People have an embedded sense of fear that helps them avoid potentially dangerous situations. So when you’re walking down a dark street, and you see a drunken company, you turn around and walk around them a mile away, it doesn’t mean you’re a coward. It just shows that you think rationally and intelligently to assess the risks, even if, in reality, nothing would have happened to you.
But among the vast majority of “cowards,” there are individuals who have spit on their fears, so much so that they have made history. They were not afraid to take big risks and won.
French pirate Jean Lafitte put a bounty on the head of a man who put a bounty on his head
Jean Lafitte was a French pirate who attacked British and Spanish ships in the Gulf of Mexico in the early 19th century, all, you might say, under the patronage of the US government. This is understandable, since the French helped the Americans defend their independence and, like the US, were in conflict with the British and Spanish empires.
Lafitte’s life is covered with many legends, some of which look fantastic. In the early 19th century, when Texas still belonged to Spain, suffering from the raids of the flotilla of Jean Lafitte, the governor of that territory assigned a price of $500 for the pirate’s head, a large sum for those times. Then Lafitte, undaunted, put a return price on the governor’s head of $5,000. Realizing that people would be willing to bring even a European monarch’s head for such a huge sum of money, the governor changed his mind about catching the pirate.
US Mayor John Robinette turned to USSR when US government turned him down
In the 1970s, Vulcan, a small settlement of a couple of hundred people, asked the governor of West Virginia to build a new bridge because the old one was in poor condition and could soon collapse. There was no alternative to the bridge, and it was the only way to get to the other side. However, the governor refused, believing that the cost of building the bridge was exorbitant in comparison to the city’s population.
Then the mayor, John Robinette, and residents in 1977 wrote a letter to the Soviet embassy in Washington and the GDR asking for funding to rebuild the bridge. Just so you understand, the Cold War was in full swing then, and such a request was beyond fantastic.
The USSR did not miss an opportunity to show how much the US did not care about its own citizens and sent its journalist to America to cover the problem in more detail. When American newspapers learned about it, the news spread across the country, and that’s when state authorities not only reversed their decision but also quickly found more than a million dollars to build the bridge.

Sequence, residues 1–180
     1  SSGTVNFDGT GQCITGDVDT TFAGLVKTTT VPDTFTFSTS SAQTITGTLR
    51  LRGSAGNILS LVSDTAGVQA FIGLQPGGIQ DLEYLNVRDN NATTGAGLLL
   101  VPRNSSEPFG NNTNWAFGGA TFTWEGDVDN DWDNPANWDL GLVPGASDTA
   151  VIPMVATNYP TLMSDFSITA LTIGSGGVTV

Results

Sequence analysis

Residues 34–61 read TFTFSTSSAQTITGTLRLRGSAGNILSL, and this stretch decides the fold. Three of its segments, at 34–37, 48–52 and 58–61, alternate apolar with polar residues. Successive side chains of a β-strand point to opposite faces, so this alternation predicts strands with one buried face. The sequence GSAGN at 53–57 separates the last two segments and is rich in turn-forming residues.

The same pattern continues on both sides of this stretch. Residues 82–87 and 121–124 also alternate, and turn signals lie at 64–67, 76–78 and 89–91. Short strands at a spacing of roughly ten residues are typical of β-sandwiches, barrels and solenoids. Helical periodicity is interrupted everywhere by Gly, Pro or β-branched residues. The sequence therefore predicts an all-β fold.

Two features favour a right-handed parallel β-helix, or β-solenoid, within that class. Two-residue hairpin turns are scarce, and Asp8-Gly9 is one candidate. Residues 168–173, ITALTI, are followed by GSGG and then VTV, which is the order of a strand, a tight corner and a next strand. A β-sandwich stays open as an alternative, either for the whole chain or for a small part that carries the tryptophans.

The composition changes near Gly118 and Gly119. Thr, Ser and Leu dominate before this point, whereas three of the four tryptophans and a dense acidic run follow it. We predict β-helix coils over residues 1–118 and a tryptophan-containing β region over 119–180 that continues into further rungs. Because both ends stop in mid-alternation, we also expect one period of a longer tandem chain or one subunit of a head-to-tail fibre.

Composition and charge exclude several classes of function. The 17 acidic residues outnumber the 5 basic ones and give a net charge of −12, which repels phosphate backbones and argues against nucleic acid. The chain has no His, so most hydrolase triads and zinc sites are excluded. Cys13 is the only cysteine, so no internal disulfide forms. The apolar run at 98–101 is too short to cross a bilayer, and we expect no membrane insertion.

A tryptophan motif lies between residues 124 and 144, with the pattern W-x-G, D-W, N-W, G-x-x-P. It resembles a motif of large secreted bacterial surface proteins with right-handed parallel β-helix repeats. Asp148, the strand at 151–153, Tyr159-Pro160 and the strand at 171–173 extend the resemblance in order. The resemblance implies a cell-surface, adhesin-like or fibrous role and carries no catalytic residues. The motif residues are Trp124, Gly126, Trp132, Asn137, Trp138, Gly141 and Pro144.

Viking leader Rollon didn’t grovel and overturned the king
In 911, after a long fight with the Vikings, not having the strength for further resistance, the ruler of the West Francan Kingdom, Charles III the Simple, made a treaty with the leader of the Normans, Rollon. Under it, Rollo became Duke of Normandy and in return, recognized the King of France as his liege lord and converted to Christianity. Since this meant little to the Vikings, Rollon and his men agreed to the terms.
But there was another condition: Rollo had to kiss the king’s feet on the oath, which was a humiliating act for a proud Viking. But since the treaty had already been signed and promised the Normans some nice gains in France, Rollo had it his way. He grabbed the king’s foot and began to pull it to his lips while standing at full height. The king, who had not expected such an action, lost his balance and fell on his back, after which everyone around him burst out laughing.
It is remarkable that Rollon, who at his baptism took the name of Robert I, not only was not punished for this, but apparently showed in this way that he was not some pawn, and later even married the king’s daughter.
Yugoslav President Josip Broz Tito threatened Stalin
During the Nazi occupation of Yugoslavia, Josip Broz Tito was one of the most successful partisan leaders. As a communist, Tito had the full support of the USSR, but when the war ended, by refusing to obey Joseph Stalin on the question of Yugoslavia’s inclusion in the Balkan Federation, he fell foul of the Soviet Union. So much so, that according to some sources, Stalin sent 22 assassins to him, but they all failed.
Then Tito wrote a letter to Stalin demanding that the Soviet leader stop sending men to him. Otherwise, he, Tito, would send only one man to Moscow, and the second would no longer be needed. Considering that Josip Broz Tito did not die until 1980, and that Joseph Stalin died in 1953 under circumstances that are not fully clarified, who knows, maybe the Yugoslav leader was not joking.
Chancellor of the German Empire Otto von Bismarck taught manners to a man who shot him five times
In 1866, Ferdinand Cogen-Blind, believing that the removal of Otto von Bismarck would help prevent a war between Germany and Austria because of the strained relations between the two countries, decided to assassinate the iron chancellor.
On May 7, not far from the Russian embassy, he bought the time when Bismarck would be returning home after a report to King Wilhelm I, after which he jumped out and shot Bismarck twice in the back. However, he did not fall down, struck by the bullets, or even run in fear, but decided to fight. Bismarck grabbed Cogen-Blind and began to teach him manners through physical force. During this Cogen-Blind managed to shoot Bismarck three more times, but he did not react in any way.
Soon soldiers came to the chancellor’s aid and apprehended the murderer, and Bismarck went home as if nothing had happened. In the evening, he was examined by the king’s personal physician, who determined that the first three bullets had gone tangentially and that two more had bounced off a rib without causing the chancellor any significant harm. Truly, Otto von Bismarck earned his nickname the iron chancellor.